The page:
TREND: HIGHER
CHART STRUCTURE: IMPROVING
VOLATILITY: HIGH

Sugar Futures

Sugar futures in the October contract settled last Friday in New York at 12.83 while currently trading at 12.76 a pound down slightly for the trading week looking for some fresh fundamental news to dictate short-term price action.

I have been recommending a bullish position over the last several weeks from around the 12.61 level. If you took that trade continue to place the stop loss on a closing basis only at 12.50 as the proper exit strategy. The chart structure is outstanding at the current time due to the low volatility that we are currently witnessing.

Sugar prices are now trading below their 20-day but still above their 100-day moving average as the trend is higher to mixed as this is my only soft commodity recommendation. Still, I do have many bullish trades to the upside as I think the commodity sectors across-the-board look very attractive as I think the downside is limited. For the bullish momentum to continue, prices have to break the 13.15 level, in my opinion, so stay long and continue to place the proper stop loss. I do not like to 2nd guess as in the long run, that does not work.

TREND: HIGHER - MIXED
CHART STRUCTURE: EXCELLENT
VOLATILITY: AVERAGE

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Lean Hog Futures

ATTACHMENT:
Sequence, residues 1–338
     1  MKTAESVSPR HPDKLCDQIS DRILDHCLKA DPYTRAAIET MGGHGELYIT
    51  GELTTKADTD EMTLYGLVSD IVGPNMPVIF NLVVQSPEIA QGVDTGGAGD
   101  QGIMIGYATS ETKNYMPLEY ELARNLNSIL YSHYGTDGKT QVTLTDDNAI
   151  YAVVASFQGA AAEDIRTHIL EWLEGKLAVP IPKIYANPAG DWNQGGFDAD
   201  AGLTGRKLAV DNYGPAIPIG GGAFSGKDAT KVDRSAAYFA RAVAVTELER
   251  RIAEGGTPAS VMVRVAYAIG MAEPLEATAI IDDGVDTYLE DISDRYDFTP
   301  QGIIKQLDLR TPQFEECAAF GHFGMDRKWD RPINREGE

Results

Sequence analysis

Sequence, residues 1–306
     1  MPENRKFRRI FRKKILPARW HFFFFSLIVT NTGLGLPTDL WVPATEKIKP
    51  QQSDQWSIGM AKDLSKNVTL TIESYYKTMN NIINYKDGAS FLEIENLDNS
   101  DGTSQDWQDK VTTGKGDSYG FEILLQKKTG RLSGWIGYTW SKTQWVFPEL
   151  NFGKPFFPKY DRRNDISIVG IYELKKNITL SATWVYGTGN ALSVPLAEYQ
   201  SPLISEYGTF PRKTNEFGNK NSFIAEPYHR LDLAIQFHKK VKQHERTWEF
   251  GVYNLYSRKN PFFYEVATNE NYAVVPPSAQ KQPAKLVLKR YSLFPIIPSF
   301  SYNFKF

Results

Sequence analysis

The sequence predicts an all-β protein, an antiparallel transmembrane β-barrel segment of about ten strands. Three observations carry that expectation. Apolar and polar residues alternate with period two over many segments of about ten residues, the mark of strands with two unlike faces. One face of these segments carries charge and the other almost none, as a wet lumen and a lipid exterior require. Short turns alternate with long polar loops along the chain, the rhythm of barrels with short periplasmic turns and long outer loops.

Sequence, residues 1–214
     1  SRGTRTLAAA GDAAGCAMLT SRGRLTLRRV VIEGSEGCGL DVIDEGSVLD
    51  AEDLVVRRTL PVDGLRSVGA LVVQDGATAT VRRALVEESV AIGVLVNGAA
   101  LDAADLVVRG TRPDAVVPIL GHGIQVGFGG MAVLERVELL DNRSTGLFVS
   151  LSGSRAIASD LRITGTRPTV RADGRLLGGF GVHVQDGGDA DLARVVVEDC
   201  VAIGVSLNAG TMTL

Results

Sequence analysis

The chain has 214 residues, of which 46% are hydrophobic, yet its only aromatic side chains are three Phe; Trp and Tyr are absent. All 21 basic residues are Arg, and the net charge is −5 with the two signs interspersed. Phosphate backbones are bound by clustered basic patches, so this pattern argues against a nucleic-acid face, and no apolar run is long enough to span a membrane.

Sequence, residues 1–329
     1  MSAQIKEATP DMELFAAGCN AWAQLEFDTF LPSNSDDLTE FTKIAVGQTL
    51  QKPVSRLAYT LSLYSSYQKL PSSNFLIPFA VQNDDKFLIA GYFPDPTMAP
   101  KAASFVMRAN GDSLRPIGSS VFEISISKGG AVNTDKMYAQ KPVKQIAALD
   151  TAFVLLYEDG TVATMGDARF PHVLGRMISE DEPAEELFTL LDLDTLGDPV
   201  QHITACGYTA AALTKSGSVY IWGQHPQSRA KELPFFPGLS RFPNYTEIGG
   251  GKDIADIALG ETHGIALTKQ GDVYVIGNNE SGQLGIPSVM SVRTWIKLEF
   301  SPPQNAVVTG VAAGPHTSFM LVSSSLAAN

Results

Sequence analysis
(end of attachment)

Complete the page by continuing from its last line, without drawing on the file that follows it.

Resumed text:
Hog futures in the October contract ended the week on a sour note down 192 points at 53.80 after settling last Friday in Chicago at 54.25 down slightly for the trading week filling the price gap at 52.80 possibly next week.

I have been recommending a bullish position from around the 50.75 level, and if you took that trade, continue to place the stop loss under the 10-day low standing at 51.78 as the chart structure is excellent. Presently this is my only livestock recommendation as I was stopped out of a cattle trade earlier in the trading week. I still believe many commodity sectors are headed higher, and I believe a long-term bottom in the hog market has been created.

Hog prices are trading above their 20 and 100-day moving average as the trend is slightly higher as historically speaking prices are near a multi-decade low, however fundamentally and technically speaking, the tide might be turning to the upside, so stay long.

TREND: HIGHER
CHART STRUCTURE: EXCELLENT
VOLATILITY: AVERAGE

Soybean Meal Futures